I created a micro ec2 instance. Installed all the necessary web software, mysql and git. Created an AMI out of that instance. Since that instance was using EBS as its root device, it took an EBS snapshot as well when I was creating my AMI.

I terminated that running instance. I then tried creating an instance out that amazon machine image (AMI), the new instance started along with a new EBS volume getting attached to the instance.

Now when I use my key pair to login to that instance via my ssh key to its public DNS address with a command as

ssh -i aws/mykey.pem ubuntu@thepublicdnsname

it says

ssh: connect to host <thepublickdnsname> port 22: Connection refused

Why is this happening. I was able to connect to my first instance with the same keys via ssh. Now the new instance is the exact copy and im not able to login to it. Any help on this ... ? Am I missing something?

I used the same key pairs to create the second new instance from the AMI.

  • did you check the 'console output' ? Feb 28, 2011 at 10:23
  • 1
    no. i have to check it. but whats the difference if i cannot login normally through my terminal
    – Anand
    Mar 2, 2011 at 6:37
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    @Anand What was the issue with this? How did you fix it? I'm facing this same issue. The security group attached with my instance does allow inbound SSH connections.
    – Waseem
    Dec 20, 2013 at 10:01

9 Answers 9


I found that it takes variable amount of time for an EC2 instance to come up and get initialized. One is the time between calling ec2-run-instances till the instance state changes from "pending" to "running". After that there is additional time when ssh server becomes ready. That time can be a couple of minutes.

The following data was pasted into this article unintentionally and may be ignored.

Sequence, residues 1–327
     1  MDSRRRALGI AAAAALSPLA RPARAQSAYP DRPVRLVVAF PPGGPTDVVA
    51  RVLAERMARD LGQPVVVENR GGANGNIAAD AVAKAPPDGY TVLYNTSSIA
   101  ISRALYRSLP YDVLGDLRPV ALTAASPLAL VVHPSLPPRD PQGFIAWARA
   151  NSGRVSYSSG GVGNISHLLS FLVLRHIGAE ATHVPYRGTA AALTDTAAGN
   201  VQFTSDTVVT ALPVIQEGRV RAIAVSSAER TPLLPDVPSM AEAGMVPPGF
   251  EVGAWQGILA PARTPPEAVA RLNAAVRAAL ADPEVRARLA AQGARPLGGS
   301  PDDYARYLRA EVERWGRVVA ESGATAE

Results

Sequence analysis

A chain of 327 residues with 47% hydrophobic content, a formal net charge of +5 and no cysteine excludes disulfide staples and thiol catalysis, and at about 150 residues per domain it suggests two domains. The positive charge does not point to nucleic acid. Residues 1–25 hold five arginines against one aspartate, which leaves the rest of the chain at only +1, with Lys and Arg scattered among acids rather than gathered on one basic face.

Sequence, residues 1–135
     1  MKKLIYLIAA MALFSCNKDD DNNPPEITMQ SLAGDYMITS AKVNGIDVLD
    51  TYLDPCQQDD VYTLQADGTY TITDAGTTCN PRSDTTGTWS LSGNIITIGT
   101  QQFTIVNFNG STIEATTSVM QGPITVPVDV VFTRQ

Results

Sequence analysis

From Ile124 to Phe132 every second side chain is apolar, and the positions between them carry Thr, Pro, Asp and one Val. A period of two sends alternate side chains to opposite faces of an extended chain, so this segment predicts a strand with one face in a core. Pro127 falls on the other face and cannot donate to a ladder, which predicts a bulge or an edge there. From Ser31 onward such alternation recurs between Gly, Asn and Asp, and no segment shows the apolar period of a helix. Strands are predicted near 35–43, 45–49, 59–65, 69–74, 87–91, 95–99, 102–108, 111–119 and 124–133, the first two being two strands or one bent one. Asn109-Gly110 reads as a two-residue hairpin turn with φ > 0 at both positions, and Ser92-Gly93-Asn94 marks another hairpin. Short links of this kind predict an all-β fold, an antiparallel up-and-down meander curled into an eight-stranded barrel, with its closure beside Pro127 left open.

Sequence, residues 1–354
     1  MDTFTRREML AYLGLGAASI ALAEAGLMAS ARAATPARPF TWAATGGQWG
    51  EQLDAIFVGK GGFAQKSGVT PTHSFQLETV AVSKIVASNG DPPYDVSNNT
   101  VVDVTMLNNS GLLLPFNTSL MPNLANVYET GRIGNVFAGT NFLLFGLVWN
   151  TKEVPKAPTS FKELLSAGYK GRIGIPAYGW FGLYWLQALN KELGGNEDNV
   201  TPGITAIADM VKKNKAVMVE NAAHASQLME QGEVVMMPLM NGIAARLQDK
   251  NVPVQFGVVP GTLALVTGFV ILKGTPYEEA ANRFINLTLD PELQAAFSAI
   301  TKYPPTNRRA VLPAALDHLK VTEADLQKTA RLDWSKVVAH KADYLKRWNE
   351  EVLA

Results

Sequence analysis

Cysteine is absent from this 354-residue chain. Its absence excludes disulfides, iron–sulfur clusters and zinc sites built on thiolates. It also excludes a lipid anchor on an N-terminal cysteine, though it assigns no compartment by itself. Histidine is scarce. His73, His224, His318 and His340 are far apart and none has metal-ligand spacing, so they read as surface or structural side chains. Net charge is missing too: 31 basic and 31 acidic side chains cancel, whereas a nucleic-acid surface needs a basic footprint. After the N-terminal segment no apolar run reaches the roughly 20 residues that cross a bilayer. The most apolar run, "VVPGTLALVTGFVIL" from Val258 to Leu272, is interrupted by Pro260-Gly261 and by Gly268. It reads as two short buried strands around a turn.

• I was in the same situation. My gut said it had to be more complicated than this but it wasn't. After a few minutes I was able to ssh in to my new instance.
    – mrjrdnthms
    Jan 19, 2016 at 23:02

I had the same issue: my problem was that I had a volume attached to my instance, then I detached the volume and deleted it. I followed aws docs to mount my instance and edited /etc/fstab. This was the problem: when the volume is detached and you try to reboot (or stop and start) the instance it goes to this file and tries to attach the nonexistent volume and ssh daemon is not started.

The solution is: I had to create another instance, detach the volume from problematic instance then edit the mounted_point/etc/fstab file to comment the line where its trying to mount the nonexistent instance, the reattach volume to problematic instance and then it worked everything fine.

  • 1
    Try to make your answer more generic rather than a personal experience so it is more helpful to others. Use second person ("you") rather than first person ("I") for example.
    – Caltor
    Aug 4, 2015 at 21:35
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    This worked for me, thanks. Here are some instructions that might be easier to follow. 1. Stop the broken instance and detach the root volume. 2. Attach the root volume to a different instance, ssh to the new instance, mount the volume and update /etc/fstab. 3. Detach the volume from the running instance, then re-attach to the old broken instance. 4. Start the old broken instance.
    – mattdedek
    May 23, 2018 at 17:22
  • Yes- thanks for this! I had a mount target change and so lost ssh access after a reboot. This procedure worked to repair /etc/fstab with another instance and restore the old one to good working order. Cheers Apr 27, 2021 at 17:05